On Saturday, June 2, ten teams made up of 125 participants joined together for the fifteenth annual Relay for Life event in Prince Rupert. The Relay for Life is held to celebrate the lives of cancer survivors, to remember those lost to the disease and to fight back, by raising funds for the Canadian Cancer Society.
Prince Rupert’s event, which was held all day at the Prince Rupert Middle School track, raised just over $70,000 this year, which will go towards cancer research.
The relay began at 11 a.m. on Saturday, with an opening ceremony and cancer survivor and caregiver lap around the track. Throughout the day, while participants took turns walking around the field, many local bands kept participates entertained with music, while fundraising activities such as head shaving, and draws took place. Even the kids were kept entertained with face painting, and a huge soccer ball.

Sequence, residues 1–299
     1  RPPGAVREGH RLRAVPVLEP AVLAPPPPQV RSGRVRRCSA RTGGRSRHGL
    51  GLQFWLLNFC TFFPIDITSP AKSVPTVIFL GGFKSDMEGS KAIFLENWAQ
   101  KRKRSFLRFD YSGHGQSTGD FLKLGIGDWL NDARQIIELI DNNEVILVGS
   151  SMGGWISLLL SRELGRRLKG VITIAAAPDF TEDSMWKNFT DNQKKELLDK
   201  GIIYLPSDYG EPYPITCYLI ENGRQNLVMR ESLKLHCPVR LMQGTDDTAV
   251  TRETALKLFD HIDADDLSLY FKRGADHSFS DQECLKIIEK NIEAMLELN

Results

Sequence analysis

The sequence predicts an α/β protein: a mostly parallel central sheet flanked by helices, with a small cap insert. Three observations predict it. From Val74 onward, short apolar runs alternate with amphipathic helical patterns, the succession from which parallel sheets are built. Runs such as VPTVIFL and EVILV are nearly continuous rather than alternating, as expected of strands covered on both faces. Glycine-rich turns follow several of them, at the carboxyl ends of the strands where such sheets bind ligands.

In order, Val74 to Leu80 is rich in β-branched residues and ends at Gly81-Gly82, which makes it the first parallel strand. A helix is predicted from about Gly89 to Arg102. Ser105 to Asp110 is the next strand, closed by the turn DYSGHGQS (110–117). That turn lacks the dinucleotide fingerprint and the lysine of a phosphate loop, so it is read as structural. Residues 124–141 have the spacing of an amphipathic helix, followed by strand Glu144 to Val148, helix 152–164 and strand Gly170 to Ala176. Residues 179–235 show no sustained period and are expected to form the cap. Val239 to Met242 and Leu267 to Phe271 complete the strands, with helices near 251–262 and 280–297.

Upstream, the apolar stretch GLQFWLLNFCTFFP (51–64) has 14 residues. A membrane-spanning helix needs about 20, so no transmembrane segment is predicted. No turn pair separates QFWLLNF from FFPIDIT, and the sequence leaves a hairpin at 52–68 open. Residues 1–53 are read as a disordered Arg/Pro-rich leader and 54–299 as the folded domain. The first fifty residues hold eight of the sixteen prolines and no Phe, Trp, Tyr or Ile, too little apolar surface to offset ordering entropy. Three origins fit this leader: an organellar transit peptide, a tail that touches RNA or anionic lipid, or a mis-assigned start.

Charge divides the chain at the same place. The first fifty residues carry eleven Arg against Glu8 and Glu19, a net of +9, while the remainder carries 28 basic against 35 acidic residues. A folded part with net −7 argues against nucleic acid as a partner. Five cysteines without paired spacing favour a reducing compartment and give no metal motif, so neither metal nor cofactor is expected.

A number of prizes were awarded to cancer survivors, their caregivers, relay volunteers, and everyone in general. Prizes included a new television, travel vouchers, gift certificates, original artwork, food, and more. Prizes were donated from many local businesses.
The top fundraiser in three categories were also awarded with prizes, including the top online fundraiser, Jamie Malthus, the top fundraising team the Ridley Coal Strollers, who raised over $12,000 and the top fundraising individual, who was also the event’s volunteer co-chair Lanni McNeice, who raised approximately $6,700.
McNeice lead a large group of volunteers that helped the event run smoothly, including Cathy Quane and Jamie Malthus, who were both honoured for their five-years of volunteering for the Canadian Cancer Society. They were awarded with a certificate and five-year pins.
Finishing off the daylong event was the luminary ceremony, which was perhaps the most emotional, and moving part of the relay. Luminaries are fireproof bags illuminated by candles that participants and spectators could purchase to honour a cancer survivor or remember a loved one lost. The luminaries were placed around the track for participants to view.